While things are much , much better these days, they are obviously not hunky-dorey.

    Sexual harrassment and discrimination, like the racial variety, is now generally more subtle and stealthy. The perpetrators usually won't do or say anything unless they are reasonably sure of the leanings of their audience. They know which way the wind blows now.

    Keep telling it like it was, the way it is, and the way it should be. Keep educating.

    Trickle-down theory; the less than elegant metaphor that if one feeds the horse enough oats, some will pass through to the road for the sparrows. - J.K. Galbraith

    by Eric Twocents on Fri Feb 17, 2012 at 05:02:26 AM PST

  •  Thank you.... (3+ / 0-)

    For telling it like it was.
    I started working in the 60's, it was a daily gauntlet of assault (emotional as well as attempted physical and the tiresome disgustingly stupid 'jokes').
    I had gone to college, knew how to think and was constantly relegated to jobs that didn't utilize any thought.
    I applied for one job and my prospective employer gave me a completely unashamed long lookover, and told me he thought I'd be 'cough, cough' older and more 'experienced'.  The guy was such a lecherous disgusting old man I got out of the interview as fast as possible and withdrew my application saying I had another job (I didn't).
    There are so many other stories I çould tell, but it wouldn't even be the tip of the iceberg of all we went through.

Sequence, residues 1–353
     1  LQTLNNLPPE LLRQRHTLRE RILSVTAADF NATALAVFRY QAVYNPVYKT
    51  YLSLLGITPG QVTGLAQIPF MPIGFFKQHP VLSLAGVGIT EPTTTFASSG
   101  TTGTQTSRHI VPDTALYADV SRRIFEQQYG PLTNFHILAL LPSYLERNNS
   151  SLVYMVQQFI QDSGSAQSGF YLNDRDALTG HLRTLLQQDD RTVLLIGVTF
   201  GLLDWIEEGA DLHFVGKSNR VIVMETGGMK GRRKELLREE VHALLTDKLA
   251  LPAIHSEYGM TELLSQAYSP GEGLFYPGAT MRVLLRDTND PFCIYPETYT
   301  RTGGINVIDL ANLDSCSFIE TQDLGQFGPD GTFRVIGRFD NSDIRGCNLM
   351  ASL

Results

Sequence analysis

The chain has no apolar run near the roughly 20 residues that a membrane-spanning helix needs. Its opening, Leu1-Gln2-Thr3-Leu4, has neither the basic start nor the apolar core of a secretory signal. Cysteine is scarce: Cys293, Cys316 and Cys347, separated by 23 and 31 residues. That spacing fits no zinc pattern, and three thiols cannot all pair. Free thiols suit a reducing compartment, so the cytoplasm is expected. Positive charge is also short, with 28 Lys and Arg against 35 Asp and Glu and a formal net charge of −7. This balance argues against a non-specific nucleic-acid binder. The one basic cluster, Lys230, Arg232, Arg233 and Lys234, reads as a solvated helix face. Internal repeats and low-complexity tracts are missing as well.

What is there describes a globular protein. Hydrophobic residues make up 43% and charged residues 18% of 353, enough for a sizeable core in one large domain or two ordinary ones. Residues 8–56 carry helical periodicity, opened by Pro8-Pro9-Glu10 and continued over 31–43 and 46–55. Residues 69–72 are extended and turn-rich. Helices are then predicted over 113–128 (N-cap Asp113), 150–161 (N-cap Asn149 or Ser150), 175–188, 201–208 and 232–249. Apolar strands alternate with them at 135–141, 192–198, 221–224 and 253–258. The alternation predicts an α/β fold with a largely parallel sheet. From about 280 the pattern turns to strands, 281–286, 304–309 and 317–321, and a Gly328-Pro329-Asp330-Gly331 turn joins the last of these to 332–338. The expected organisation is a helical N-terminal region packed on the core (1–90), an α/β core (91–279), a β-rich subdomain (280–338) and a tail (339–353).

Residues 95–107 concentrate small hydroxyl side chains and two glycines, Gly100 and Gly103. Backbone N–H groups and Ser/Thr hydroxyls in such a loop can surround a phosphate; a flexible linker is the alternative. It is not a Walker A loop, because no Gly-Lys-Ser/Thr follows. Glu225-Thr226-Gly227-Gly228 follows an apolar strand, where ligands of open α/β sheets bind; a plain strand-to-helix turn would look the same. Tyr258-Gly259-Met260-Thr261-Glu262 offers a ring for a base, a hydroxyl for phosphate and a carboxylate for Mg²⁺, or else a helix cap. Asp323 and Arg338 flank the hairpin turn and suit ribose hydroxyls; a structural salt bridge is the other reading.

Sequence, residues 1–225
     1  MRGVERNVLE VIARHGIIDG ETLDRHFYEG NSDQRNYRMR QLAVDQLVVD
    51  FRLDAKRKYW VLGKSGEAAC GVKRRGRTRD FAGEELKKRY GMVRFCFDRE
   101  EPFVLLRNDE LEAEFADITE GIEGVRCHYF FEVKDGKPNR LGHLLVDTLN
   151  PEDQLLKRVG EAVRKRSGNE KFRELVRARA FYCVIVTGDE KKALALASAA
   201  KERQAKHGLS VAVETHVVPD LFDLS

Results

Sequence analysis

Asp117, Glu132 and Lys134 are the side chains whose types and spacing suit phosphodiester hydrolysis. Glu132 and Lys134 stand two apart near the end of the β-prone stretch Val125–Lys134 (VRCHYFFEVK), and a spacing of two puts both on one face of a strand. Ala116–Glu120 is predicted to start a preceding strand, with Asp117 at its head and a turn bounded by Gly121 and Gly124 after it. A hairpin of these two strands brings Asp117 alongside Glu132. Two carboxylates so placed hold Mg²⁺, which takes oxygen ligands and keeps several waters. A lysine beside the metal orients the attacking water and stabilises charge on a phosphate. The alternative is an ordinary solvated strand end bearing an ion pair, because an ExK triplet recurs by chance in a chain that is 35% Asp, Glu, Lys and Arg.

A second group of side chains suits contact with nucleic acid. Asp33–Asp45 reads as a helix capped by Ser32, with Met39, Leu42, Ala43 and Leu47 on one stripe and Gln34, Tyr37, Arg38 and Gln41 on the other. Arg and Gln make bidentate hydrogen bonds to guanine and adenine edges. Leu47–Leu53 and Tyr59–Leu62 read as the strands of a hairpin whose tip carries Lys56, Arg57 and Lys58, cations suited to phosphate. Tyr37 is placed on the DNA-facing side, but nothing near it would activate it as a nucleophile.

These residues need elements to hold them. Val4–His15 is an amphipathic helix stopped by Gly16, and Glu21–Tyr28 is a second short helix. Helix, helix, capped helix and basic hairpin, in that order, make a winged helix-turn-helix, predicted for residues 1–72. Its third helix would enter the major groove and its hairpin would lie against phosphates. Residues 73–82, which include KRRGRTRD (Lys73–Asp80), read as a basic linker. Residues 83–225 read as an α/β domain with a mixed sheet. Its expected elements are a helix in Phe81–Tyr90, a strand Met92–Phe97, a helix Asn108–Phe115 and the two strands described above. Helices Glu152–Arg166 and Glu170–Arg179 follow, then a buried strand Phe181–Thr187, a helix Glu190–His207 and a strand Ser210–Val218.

It has gotten better, but now I'm being silently harrassed for being an 'older' worker.  
    It doesn't end.

    I think, therefore I am........................... Plus ca change, plus c'est la meme chose AKA Engine Nighthawk - don't even ask!

    by Lilyvt on Fri Feb 17, 2012 at 06:04:37 AM PST

  •  I entered the workforce in 1974 also. (2+ / 0-)
    Recommended by:
    VetGrl, Oh Mary Oh

    My dad thought I should take typing in high school so I did.  I excelled in typing class - I played the piano & typing came easily.  But I refused to list typing on my resume or any application because that automatically relegated you to "secretary" status or worse.

    I found work in my career field, commercial art, and didn't end up having to use any of my typing skills at work until computers came along.  Then I was glad I knew how to type.  :-)

    Scott Walker's Wisconsin: in Milwaukee's poorest corners infant mortality is higher than that of the Gaza Strip, Colombia & Bulgaria.

    by FlamingoGrrl on Fri Feb 17, 2012 at 10:39:55 AM PST